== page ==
Offshore Casinos Still Banned from Advertising in Sweden

Tia Winter | 6 September 2018

Offshore Casinos Still Banned from Advertising in SwedenSwedish newspapers Aftonbladet and Expressen have lost their appeal against Lotteriinspektionen, the Swedish Gambling Authority. Lotteriinspektionen brought forward an injunction against the two newspapers to prevent them from offering links to foreign gaming sites on their websites in 2013.

The papers appeal was denied, and the ban upheld by Swedish courts.

Sweden’s Governing Legislation

The Swedish Lotteries Act (1994) Lotterilagen and The Casino Act (1999) Kasinolag govern gambling in the country. It states that all betting activities must be controlled by the state and its representative agencies.

It is currently a criminal offense to promote gambling that is not licensed by the state, as is the case with offshore sites. Aftonbladet and Expressen both provided clickable links to offshore casinos on their websites. The ruling comes at a time when the Swedish industry is undergoing numerous changes in license regulations. The changes aim to curb criminal activity such as unlicensed offshore sites.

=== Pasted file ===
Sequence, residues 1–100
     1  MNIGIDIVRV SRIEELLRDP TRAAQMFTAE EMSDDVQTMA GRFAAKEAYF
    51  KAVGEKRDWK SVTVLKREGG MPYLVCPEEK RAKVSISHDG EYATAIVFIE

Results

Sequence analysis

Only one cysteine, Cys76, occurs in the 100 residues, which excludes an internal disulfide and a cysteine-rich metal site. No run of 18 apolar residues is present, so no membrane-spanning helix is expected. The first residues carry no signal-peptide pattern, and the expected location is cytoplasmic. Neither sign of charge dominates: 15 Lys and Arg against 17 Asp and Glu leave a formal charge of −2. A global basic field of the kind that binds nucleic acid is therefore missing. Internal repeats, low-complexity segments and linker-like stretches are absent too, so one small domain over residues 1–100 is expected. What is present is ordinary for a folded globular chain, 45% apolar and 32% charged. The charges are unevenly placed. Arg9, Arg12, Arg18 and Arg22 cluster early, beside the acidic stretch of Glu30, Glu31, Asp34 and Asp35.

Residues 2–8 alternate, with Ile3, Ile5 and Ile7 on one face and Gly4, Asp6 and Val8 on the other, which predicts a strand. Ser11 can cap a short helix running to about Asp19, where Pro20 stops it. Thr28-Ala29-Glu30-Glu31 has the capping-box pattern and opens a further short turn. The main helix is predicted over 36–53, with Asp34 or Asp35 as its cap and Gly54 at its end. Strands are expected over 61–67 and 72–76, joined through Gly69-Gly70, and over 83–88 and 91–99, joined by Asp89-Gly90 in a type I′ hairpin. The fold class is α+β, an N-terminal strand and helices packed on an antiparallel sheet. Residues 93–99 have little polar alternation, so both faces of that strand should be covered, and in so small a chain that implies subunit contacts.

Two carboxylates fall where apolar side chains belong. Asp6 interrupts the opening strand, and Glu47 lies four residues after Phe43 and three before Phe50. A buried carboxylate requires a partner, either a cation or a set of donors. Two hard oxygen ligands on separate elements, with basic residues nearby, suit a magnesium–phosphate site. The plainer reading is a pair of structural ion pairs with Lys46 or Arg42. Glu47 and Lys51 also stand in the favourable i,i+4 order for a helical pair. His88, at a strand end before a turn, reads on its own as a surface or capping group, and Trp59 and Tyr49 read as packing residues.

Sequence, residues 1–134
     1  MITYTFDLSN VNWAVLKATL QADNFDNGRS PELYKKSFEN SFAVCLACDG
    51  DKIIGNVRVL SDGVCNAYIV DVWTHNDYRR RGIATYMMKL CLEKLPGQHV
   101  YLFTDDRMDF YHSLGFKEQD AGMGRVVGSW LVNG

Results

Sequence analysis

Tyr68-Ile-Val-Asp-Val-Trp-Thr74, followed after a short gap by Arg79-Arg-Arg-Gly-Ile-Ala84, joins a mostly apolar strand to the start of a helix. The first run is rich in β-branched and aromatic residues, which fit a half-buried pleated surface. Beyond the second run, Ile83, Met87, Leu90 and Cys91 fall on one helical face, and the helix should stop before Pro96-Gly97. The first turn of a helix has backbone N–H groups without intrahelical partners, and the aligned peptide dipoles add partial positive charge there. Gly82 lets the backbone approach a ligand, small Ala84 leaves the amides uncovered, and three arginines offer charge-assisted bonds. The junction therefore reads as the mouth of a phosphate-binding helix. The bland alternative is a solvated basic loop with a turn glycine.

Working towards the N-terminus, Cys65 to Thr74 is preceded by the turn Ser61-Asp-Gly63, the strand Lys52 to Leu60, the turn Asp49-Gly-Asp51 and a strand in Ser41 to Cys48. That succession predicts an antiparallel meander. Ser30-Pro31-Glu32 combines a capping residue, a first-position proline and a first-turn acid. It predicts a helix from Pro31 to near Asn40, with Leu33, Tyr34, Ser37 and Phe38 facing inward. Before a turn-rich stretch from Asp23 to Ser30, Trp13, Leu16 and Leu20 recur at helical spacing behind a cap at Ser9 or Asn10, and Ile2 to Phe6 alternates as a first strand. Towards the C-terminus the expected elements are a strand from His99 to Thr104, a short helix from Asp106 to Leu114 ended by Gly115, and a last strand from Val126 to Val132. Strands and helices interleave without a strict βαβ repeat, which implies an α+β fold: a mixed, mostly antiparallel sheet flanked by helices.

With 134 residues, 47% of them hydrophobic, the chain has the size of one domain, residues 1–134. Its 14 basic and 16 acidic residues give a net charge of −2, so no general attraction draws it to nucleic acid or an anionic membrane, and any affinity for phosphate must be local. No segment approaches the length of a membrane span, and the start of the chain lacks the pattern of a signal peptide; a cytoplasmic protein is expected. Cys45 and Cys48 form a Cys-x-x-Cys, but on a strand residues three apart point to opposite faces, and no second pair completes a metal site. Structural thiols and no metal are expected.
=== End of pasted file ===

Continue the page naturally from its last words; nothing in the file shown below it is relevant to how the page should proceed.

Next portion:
Over the last several years the Swedish Gambling Authority has issued numerous similar injunctions. Lotteriinspektionen director general, Camilla Rosenburg has said that the tribunals stand against unregulated lotteries is a positive one and hopes that this will put an end to the promotion of foreign sites.

A new act, the Game Act 2018, will come into effect in January 2019. The Act will further prohibit commercial advertising to include promotion of games not regulated by the state.

The motivation behind these laws is one of control and crime and addiction prevention. By restricting private operators, the Acts aim to funnel surplus funds from gambling activities into social projects for the greater good.

Svenska Spel, the state-owned company, currently has the monopoly in Sweden’s regulated market. The company has been mandated by the state to provide games responsibly. Over 6000 agents and 2000 private restaurants, bars and gaming halls currently carry out its sales. All surfeit funds are paid directly to the National Treasury.

Re-regulating the Industry

The new law may see the Svenska Spel monopoly coming to an end. The re-regulated market requires all providers to apply for and be granted a license to operate. The market is to be divided into a competitive sector, a not-for-profit sector, and a central government sector.

With more than 70 applications received under the new licensing laws. The new law will include an 18% tax on Gross Gaming Revenue for online companies and taxation on winnings from unregulated sites.

Swedish punters can look forward to a wider range of betting options in 2019.

Source:

www.igamingbusiness.com